Jas
Jul 12, 2013 11:23am

@abbas Toronto .. Hope burglars would have stole your pc and your welfare cheque you ungreatfull Pakistani

kanakasabhai natarajan
Jul 12, 2013 11:29am

The moral of the story is simple.Canada with its so called advanced infrastructure and Toronto which I visited can not handle just 163 mm rain while in India it is common to see much more than that every monsoon in so many towns and cities..I am sure Pakistan must be receiving much more than 163 mm per day during peak monsoon. The author should not write about some conspiracy theory in 2001 but about developed countries going to dogs with their poor infrastructure. One saw over 10 days of power outage in Connecticut area near NYC recently due to snow fall and the author is proud of 40 hours power outage in Canada. He should be analytical and explain as to why Canada collapses in for 160 mm rain.- Calgary(75000 evacuated), engineers failing to fix brakes in recent train crash killing 50 people and the PM of Quebec openly accusing the CEO of the train company being highly irresponsible-BBC Headlines. Things are pretty bad elsewhere also but there are more educated but less people to worry about.And criticising Pakistan sells.

K G Surendran
Jul 12, 2013 11:30am

Reason can be put down to POPULATION and ILLITERACY. Look no further.

anonymous
Jul 12, 2013 12:40pm

Ans is that there is simply no law...left alone for the poor. If his/her close one dies as a result of what u have mentioned, u think he will get justice? soo he refuses to abide by the LAW, if there is any..and bring harm which he thinks is the only justice and illiteracy has a major link to this aswell. But even if he is literate, and is still poor..with no law and order or justice or govt. support..what would he do then, take law in his own hands or stay clam? take the literate , what would u do. shout scream at the GOVT. or take the law in ur hands? to get justice ill think ull choose to stay quite. ghareeb admi ka agla hai na peechla..us nein tou nahi deekhna.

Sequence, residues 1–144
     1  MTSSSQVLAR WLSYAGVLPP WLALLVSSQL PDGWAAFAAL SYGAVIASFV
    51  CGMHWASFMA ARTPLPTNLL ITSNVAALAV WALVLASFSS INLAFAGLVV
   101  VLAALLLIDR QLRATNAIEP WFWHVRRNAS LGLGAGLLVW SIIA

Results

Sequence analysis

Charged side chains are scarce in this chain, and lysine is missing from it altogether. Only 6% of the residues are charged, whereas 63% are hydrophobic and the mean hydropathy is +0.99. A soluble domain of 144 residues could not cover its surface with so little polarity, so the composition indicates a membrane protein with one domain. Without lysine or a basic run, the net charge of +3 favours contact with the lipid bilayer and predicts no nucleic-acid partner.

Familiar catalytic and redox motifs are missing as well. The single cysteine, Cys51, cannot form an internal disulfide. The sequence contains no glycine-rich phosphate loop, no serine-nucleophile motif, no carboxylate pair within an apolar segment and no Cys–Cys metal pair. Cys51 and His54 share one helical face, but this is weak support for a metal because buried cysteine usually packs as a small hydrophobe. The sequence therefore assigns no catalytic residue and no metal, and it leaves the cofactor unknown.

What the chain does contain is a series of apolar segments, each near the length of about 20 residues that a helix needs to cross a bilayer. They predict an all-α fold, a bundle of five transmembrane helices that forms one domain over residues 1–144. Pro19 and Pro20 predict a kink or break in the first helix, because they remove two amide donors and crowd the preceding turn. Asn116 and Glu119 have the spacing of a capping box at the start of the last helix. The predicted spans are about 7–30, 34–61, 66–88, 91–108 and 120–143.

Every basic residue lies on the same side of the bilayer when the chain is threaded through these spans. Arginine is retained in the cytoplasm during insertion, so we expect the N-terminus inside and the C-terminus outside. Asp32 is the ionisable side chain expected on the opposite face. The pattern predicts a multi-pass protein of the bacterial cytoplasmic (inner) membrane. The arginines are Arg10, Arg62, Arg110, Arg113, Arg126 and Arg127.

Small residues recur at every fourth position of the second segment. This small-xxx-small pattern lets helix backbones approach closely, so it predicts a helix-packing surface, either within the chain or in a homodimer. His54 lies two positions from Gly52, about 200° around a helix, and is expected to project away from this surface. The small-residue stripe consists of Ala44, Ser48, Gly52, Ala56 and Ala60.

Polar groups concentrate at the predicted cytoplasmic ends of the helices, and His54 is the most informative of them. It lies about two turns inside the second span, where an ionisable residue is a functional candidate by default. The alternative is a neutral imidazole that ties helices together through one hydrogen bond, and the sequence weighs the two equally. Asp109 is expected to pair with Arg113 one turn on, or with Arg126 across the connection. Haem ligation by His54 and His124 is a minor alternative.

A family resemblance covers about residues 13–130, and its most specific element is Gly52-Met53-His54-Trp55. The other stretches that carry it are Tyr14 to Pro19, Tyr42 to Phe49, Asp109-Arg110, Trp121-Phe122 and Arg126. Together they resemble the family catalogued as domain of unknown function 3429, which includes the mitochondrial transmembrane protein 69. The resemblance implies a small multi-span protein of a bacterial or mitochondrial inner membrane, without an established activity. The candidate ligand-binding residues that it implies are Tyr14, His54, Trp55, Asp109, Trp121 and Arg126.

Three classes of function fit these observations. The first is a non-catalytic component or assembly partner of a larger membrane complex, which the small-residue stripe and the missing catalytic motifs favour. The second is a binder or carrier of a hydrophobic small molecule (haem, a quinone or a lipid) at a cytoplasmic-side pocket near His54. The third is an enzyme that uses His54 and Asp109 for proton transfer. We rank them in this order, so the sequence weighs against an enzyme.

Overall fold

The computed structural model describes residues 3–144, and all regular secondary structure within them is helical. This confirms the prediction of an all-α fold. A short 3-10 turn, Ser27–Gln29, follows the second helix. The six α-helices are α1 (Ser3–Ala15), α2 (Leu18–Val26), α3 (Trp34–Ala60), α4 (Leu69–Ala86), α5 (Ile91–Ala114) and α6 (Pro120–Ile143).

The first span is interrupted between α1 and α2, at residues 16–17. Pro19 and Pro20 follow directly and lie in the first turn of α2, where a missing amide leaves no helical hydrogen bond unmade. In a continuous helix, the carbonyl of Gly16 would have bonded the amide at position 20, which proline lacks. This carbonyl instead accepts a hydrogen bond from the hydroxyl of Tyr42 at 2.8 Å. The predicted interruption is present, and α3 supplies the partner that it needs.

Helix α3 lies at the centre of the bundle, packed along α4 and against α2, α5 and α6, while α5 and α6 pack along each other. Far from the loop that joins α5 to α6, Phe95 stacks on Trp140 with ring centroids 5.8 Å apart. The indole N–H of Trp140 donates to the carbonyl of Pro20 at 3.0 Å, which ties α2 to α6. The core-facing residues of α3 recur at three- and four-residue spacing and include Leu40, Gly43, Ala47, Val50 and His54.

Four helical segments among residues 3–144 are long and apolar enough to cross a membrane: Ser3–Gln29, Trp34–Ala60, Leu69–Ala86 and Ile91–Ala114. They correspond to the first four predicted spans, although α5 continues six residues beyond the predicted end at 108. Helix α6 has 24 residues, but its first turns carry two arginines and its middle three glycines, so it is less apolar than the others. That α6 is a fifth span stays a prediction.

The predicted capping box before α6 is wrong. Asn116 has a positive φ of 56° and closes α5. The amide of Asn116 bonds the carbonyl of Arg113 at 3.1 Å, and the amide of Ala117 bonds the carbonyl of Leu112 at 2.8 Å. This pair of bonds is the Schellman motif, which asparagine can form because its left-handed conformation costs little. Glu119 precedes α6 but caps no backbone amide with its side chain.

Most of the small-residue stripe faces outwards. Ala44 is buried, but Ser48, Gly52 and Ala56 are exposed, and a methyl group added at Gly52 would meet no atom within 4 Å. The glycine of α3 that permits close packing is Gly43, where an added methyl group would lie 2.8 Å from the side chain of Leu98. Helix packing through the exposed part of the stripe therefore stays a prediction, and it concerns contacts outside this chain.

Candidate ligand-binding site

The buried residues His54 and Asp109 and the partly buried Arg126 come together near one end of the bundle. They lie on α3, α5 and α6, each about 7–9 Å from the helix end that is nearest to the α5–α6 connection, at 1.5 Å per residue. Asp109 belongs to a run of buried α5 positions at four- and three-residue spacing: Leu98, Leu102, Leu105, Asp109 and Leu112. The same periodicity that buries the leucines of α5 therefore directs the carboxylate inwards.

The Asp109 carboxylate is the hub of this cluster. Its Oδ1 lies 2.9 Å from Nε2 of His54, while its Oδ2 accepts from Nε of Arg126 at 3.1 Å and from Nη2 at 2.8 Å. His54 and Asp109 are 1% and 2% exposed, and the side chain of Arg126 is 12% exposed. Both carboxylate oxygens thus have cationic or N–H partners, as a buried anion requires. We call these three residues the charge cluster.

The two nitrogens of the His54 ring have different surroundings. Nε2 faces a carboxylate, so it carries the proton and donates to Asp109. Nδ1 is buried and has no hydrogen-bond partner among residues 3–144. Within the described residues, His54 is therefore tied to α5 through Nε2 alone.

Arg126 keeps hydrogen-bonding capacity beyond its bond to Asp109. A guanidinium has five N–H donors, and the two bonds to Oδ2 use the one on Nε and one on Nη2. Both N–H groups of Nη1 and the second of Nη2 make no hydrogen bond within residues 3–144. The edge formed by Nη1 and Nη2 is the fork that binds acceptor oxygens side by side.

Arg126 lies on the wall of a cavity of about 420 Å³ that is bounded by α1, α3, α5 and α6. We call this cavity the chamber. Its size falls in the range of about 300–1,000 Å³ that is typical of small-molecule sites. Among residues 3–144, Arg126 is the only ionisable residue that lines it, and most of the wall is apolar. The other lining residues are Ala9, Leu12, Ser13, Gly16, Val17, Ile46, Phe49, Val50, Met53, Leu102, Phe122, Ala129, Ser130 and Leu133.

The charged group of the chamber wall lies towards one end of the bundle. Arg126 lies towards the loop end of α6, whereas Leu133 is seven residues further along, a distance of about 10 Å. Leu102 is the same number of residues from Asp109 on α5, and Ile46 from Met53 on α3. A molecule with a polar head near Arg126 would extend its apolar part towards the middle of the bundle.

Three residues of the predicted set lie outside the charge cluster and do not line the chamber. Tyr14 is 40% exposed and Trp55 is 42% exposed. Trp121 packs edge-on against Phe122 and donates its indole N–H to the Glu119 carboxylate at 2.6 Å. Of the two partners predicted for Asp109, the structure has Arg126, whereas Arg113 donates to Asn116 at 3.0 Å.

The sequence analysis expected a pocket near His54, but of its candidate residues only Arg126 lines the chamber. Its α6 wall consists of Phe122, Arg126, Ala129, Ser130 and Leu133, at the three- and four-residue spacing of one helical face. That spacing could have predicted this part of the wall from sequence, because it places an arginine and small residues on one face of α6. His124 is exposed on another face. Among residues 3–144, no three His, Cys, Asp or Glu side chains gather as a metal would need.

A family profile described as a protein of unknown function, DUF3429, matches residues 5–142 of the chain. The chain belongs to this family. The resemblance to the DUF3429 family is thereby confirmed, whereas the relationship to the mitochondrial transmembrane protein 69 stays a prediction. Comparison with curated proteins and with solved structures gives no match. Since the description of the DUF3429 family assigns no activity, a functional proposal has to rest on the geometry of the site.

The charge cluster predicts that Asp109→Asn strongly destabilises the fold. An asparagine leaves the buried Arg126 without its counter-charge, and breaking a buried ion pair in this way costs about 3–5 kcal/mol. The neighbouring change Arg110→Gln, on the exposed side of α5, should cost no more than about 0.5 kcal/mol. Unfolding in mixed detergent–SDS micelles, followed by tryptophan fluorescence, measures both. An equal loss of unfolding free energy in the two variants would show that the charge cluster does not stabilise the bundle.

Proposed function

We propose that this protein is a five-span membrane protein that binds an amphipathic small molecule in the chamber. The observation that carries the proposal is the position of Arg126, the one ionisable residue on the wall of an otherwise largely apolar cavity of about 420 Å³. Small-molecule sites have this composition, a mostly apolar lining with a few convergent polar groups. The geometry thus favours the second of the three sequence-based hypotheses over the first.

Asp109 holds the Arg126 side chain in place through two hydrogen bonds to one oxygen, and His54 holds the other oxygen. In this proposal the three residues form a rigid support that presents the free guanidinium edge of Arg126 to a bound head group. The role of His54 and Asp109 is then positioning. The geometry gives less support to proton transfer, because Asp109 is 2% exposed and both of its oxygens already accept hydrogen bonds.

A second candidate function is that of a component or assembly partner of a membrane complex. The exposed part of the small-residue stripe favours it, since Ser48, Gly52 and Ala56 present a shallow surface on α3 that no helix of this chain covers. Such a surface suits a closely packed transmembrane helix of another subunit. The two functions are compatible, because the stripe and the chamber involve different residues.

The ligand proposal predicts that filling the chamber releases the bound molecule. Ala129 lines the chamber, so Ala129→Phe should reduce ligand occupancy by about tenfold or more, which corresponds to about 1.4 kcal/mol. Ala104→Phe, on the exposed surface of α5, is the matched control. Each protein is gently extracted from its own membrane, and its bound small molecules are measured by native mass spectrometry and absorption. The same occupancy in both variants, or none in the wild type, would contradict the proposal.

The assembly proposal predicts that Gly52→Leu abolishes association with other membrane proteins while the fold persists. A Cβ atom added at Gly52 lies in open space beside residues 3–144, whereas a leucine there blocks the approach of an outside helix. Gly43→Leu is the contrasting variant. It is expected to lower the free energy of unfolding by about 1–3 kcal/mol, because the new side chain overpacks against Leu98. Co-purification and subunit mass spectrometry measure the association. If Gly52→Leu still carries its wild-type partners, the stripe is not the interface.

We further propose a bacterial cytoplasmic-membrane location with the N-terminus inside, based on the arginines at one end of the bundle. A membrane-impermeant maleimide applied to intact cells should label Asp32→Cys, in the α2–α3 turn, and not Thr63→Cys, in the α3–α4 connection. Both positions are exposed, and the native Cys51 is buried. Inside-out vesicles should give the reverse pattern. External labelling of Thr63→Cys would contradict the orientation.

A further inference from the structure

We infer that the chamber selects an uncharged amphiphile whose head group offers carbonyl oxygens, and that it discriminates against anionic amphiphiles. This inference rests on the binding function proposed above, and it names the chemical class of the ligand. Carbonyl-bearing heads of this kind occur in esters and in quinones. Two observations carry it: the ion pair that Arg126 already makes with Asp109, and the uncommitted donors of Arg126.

As far as canada is concerned,law are followed, plus Govt. level support to every citizen to every extent is given hence he/she has a secure backup that y it makes them more civilized not because they are literate. their taxes are used for good purposes not used to exploit them like any under developed nation, not only pakistan..

U cant just say why not here it happens the same..it just a matter of good/white governance. And please stop comparing and start acting yourself, give suggestions do not just criticize.

Afzaal Khan
Jul 12, 2013 12:56pm

Where to start. Understand the basic difference, In Canada or other developed countries people don't protest because they expect and see Govt in action and responses to fix the situation. There are no deliberate flooding by landlords of poor slums to save their own land. There is an infrastructure in place and preparations in place to deal with it. Now compare that to for example Pakistan floods or recent Indian floods, people are left at the mercy of nature without any help, if they protest they are violent? Gimme a break, do u remember riots in Katrina?

gary
Jul 12, 2013 12:58pm

@Abbastoronto:

With Muslims having the highest rate of crimes among the immigrants in every western country including USA, and a very negative attitude towards the west and its people, Muslims are at the bottom of every scale in the human development index one can think of.

As far as the numbers are concerned, Muslims tend to have large families to help them with benefits, and also to become majority in the west, and in the world.

There are fifteen million Jews in the world, and there are 1200 million Muslims in the world. Guess , who has more power? If you are not sure Abbas, ask Dr.farrukh Saleem. He is an authority in Pakistan about the Jews.

Arun
Jul 12, 2013 01:18pm